Valentine’s Day is this Sunday.
If you read my column regularly, you already know I believe that Christmas and Hanukkah should be celebrated like Leap Year — once every four years. So you can probably guess what I think of Valentine’s Day. If you guessed not much, then you are correct.
Valentine’s Day is an international conspiracy amongst restaurateurs, florists and candy men to pick our pockets clean. It’s as simple as that.
In my opinion, there is nothing romantic about giving your bride flowers at the very same time every other man on the planet is doing the exact same thing. Give her a gift when it is least expected — that to me is romantic, but what do I know?
The tradition of Valentine’s Day reminds me of the almost legal requirement that a man give a woman a diamond ring when he proposes marriage — a necessity created by the DeBeers family, which controls the diamond business worldwide. (Forgive me, but most diamond rings look exactly alike to me, so why not give your loved one something different, like a bracelet or necklace?)
Now I do understand that some of you — my loyal readers — might consider me contrary and cheap rather than romantic, that I am trying to game the system or ruin the economy as we know it, but so long as my bride is buying my approach, I am ahead of the game.
There is one thing I do like about Valentine’s Day: it reminds me of how and when I met my bride. I had been married for five years to my first wife almost all during the tumultuous years of my mayoralty. We broke up shortly thereafter, and I was one lonely guy making the dating rounds in 1980 when I first met my bride. I was hosting a fundraiser for the man who beat me in the Democratic primary for Congress, and there she was. I could not take my eyes off of her.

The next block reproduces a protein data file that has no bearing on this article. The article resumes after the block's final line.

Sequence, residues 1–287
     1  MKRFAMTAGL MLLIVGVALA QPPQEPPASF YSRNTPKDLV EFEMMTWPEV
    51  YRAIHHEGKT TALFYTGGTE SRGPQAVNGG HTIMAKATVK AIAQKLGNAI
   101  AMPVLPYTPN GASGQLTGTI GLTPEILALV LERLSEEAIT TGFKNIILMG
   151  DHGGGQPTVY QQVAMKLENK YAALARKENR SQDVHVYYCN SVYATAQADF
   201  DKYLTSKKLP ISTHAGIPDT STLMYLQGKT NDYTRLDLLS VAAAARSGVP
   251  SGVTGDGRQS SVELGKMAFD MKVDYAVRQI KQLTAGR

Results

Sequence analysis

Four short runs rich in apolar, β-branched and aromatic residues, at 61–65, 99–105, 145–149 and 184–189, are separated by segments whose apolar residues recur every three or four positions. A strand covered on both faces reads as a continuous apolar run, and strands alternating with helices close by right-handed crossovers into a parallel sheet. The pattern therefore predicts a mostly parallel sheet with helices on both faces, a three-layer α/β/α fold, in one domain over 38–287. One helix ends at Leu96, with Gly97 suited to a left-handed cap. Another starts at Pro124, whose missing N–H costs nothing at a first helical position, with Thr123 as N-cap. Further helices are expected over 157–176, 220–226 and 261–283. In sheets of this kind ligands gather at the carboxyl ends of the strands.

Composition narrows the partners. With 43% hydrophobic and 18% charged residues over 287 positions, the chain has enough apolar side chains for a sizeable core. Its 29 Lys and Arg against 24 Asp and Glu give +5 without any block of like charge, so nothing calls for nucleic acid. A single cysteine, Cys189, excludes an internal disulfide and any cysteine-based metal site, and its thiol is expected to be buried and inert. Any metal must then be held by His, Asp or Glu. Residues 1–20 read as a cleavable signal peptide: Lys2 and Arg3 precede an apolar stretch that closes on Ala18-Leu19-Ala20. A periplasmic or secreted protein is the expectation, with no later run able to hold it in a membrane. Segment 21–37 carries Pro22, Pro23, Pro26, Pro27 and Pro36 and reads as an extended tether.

I asked her for a date and she politely declined. She was going with some other guy at the time, but I asked her to get in touch with me if she ever dumped the guy. She said nothing and smiled.
About 18 months later at a New Year’s Eve party, I saw her again, and just like the song says, “Just one look, that’s all it took.” Our eyes met and there was no mistaking the attraction. I asked her if she had dumped the guy yet, and she quietly answered that they were no longer going out. I could not have been happier.
From that day over 34 years ago to this very day we have been almost inseparable. I think we have been apart on average only one day per year and that includes the two times she gave birth to our children, Kate and Isaac, her sisters’ reunions, my fishing trips with my dad and brother Phil, and my mini vacations with my friend Phil Bellomy of Malibu.
If my bride and I are separated for more than a few hours, we need to talk and share all the things that transpired in our absence. We are blessed to share a chemistry that works. I would like to tell you our love is a product of hard work and genius on my part, but like most things in life, there’s a lot of luck, and I’m a lucky guy.
So if Valentine’s Day makes me think of how fortunate I am, then I guess it’s not such a bad day after all.